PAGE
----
| || ||
Domestic Partnerships (RDPs)
full marriage with all of its tangible and intangible benefits, its social resonance
and its personal significance will stand up to the fair and reasonable measure
of equality that we as Canadians have as our core belief."
and Joe Varnell, Gay
Guide Toronto, August 2002
Domestic Partnerships, or RDPs, as they are called, are legally binding contracts,
freely entered into by two individuals who wish to formalize their relationship
without going through a marriage ceremony. They have been used for several years
in Europe as a method for gay and lesbian couples to obtain legal standing for
their relationships. The term "gay marriage" is often applied to RDPs,
but they are not marriage and have less rights and/or obligations.
not quite like getting married, although I've never been married so I don't know
what that feels like," said Kimberley Vance, after registering her partnership
with Samantha Meehan in Nova Scotia, on June 4, 2001|
Halifax Herald, June 5, 2001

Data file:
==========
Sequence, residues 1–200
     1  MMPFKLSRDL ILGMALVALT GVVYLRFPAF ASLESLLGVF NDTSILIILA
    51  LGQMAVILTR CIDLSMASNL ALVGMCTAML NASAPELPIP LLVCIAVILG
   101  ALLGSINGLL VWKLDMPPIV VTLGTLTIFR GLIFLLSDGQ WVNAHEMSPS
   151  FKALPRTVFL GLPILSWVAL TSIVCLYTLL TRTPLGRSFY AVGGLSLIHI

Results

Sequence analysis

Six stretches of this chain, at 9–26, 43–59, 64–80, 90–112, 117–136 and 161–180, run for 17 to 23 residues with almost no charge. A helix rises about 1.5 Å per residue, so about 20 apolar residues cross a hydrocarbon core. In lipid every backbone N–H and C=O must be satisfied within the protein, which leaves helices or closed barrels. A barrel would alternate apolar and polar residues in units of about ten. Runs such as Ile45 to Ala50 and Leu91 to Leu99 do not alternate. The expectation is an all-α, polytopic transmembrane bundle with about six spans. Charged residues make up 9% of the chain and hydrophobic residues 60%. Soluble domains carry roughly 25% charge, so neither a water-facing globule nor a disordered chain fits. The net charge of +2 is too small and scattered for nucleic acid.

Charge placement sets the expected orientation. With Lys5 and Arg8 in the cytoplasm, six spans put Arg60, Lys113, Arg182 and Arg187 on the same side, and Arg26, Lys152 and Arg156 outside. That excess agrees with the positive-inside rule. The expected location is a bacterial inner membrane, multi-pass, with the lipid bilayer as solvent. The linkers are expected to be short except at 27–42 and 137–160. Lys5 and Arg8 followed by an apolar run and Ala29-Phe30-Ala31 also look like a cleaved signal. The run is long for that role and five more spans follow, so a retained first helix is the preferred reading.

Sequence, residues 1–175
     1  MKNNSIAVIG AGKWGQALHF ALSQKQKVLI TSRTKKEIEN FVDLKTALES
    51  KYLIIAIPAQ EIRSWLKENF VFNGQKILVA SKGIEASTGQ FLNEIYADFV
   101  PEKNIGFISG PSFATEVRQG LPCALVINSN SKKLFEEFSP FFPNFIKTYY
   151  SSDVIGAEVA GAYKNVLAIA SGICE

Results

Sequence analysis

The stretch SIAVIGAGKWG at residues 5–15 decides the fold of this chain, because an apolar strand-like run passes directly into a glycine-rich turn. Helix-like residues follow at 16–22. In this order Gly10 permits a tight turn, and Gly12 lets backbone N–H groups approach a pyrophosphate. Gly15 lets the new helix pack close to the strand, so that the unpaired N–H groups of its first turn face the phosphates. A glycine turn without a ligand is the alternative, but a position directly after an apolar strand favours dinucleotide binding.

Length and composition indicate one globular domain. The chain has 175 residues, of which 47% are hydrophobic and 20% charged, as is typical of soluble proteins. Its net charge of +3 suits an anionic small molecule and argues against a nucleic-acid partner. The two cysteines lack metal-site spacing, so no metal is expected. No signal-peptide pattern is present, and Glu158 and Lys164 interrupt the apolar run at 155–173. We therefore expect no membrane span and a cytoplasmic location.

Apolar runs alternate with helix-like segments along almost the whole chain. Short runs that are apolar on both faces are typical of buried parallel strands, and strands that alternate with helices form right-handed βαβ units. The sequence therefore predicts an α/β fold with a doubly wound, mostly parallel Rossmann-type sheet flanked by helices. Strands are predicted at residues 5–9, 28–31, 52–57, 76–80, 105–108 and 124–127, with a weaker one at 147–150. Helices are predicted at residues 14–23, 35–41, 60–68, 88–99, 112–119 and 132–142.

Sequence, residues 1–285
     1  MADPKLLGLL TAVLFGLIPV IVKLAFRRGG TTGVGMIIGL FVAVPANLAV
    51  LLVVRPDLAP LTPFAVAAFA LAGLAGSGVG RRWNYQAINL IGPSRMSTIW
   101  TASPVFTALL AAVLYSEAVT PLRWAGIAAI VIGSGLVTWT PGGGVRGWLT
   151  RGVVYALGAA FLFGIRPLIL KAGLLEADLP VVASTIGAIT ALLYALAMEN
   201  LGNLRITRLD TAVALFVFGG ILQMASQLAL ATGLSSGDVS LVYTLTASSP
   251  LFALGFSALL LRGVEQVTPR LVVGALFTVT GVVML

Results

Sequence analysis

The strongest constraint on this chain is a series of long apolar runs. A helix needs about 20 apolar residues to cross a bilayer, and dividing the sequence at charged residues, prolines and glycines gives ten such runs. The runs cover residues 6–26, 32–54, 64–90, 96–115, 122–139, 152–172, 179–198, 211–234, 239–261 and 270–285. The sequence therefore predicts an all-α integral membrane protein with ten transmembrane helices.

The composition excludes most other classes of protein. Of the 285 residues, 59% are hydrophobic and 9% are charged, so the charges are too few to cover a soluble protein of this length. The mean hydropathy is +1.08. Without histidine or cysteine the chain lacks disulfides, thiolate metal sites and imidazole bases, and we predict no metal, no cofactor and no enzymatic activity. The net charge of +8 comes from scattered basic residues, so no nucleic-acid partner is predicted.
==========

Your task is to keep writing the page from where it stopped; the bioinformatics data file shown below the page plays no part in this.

marriage, such unions are at risk of not being recognized, of no legal standing,
outside their country or province of origin.
June 4, 2001, the province of Nova Scotia introduced
Registered Domestic Partnerships,
which some have seen as a "first step" towards full equality for gay
and lesbian couples.
In November 2001, Quebec announced plans to implement a similar system and there
have been signs that British Columbia is also thinking of introducing RDPs.
Domestic Partnerships are fine, provided they are offered as a choice
to any couple. It can be in addition to, but not
instead of marriage. We applaud the extension of rights to those who were
previously disadvantaged. But RDPs are not the answer to the discrimination we
face in the recognition and protection of our relationships and families.||"It's
exciting and maybe a little disappointing because there's still something in the
back of my mind that this isn't marriage," said Nicky Perkins who registered
with her partner of 18 years, Susan Perkins. |
Toronto Star, June 4, 2001)
are unacceptable when they are offered in place of marriage. Without the freedom
to choose, RDPs are nothing more than an attempt to perpetuate a social policy
introduction of a registration scheme should not be seen as a policy alternative
to reforming marriage. Registration schemes in lieu of allowing same-sex couples
to access marriage are seen, by those in favour of same-sex marriage, as creating
a second-class category of relationships."
Conjugality (December 21, 2001)
Law Commission Of Canada
against RDPs written by Kevin Bourassa and Joe Varnell:
Domestic Partnerships Aren't The Answer (Gay
Guide Toronto, August 2002)